Bachelor parties used to be so simple. A bunch of guys would cram into a limo, get wasted and let the sounds of Motley Crue fill their ears while some nice young lady works her way through college a dollar bill at a time. Eventually, you’d go home and wake up sans cash, stomach contents and a few brain cells. I’m not sure what bachelorette parties involved, but I suspect there are many similarities and the differences being limited to the anatomy of the performers and the guests.
All this is changing.
The parties used to celebrate the end of single life are becoming long, intricate and costly.Las Vegas is the top destination, followed by Florida, and the average price for one of these getaways has reached a substantial $1,250 a person. The guests are usually on the hook for their own tickets.
The tourism and travel industry, looking for ways to climb out from a two-year economic hole, sees the pre-wedding party business as a way to draw some more cash into the coffers, especially for those who are looking to have as many “last hurrahs” as possible. Travel agents and destinations are even creating programs designed to appeal to this specific segment.Notes Alex Trettin, of Travel Leaders in Tacoma, Washington, to Reuters:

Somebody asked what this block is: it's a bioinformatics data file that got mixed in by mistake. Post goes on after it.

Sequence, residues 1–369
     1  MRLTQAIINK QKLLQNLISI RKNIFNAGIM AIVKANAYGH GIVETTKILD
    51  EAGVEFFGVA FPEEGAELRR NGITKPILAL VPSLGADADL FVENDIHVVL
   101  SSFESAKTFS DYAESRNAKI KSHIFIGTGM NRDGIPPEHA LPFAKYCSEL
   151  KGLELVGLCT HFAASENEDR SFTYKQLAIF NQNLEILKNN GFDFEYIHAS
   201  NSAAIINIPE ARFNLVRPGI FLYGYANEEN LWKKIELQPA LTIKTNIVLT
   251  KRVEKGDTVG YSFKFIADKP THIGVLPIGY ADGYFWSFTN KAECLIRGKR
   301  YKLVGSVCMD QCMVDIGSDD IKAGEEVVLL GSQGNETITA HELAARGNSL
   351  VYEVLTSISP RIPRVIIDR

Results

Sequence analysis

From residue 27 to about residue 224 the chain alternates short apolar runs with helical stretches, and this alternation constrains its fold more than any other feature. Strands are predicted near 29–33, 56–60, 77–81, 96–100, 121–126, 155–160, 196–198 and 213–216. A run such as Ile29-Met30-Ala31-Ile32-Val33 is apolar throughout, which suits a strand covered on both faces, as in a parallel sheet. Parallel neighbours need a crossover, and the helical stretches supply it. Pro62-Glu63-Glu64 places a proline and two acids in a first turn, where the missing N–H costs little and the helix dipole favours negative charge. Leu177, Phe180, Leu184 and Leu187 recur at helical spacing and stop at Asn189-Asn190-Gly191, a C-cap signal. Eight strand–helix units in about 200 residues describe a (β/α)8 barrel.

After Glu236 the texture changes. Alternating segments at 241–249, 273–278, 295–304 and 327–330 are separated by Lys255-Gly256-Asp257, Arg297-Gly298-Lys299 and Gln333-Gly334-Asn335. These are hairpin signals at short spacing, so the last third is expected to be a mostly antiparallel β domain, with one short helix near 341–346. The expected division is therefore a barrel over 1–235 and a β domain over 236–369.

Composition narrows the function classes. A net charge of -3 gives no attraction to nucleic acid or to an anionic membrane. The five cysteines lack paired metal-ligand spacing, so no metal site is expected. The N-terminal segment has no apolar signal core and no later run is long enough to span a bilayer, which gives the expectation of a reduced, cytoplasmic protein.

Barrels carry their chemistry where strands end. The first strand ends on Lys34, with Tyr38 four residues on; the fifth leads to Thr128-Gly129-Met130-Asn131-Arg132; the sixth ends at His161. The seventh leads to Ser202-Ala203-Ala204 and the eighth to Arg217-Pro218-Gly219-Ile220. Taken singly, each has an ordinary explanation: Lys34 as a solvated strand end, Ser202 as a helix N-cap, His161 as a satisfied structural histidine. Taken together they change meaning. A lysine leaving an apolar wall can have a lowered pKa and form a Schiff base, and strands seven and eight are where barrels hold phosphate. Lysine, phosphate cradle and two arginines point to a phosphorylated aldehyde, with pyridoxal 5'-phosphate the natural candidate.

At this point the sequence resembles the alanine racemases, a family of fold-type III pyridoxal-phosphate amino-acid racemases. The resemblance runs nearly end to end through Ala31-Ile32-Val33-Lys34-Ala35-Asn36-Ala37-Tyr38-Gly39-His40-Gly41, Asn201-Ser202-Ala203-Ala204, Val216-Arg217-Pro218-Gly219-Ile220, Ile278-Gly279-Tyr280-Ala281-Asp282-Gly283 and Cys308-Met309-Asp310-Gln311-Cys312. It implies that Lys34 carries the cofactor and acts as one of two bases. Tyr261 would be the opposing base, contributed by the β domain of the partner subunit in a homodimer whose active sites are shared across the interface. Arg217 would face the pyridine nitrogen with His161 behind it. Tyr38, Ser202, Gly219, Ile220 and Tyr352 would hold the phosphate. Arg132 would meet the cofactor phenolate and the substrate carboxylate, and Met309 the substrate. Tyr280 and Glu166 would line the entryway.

“We’ve created a number of programs for brides- and grooms- to-be. Most popular are Vegas and short cruises,” he said. “Even with the economy in a slowdown, more and more people are using this as an opportunity to get together with friends.”
In a further departure from tradition, some final flings are combined, with the soon-to-be spouses hitting the same destination at the same time. Once on the ground, though, the parties split to enjoy different activities.
Yeah, pre-marital partying has come a long way. But, I’ll still take a seedy strip club with “Doctor Feelgood” and a would-be medical student over the alternatives. I believe in tradition.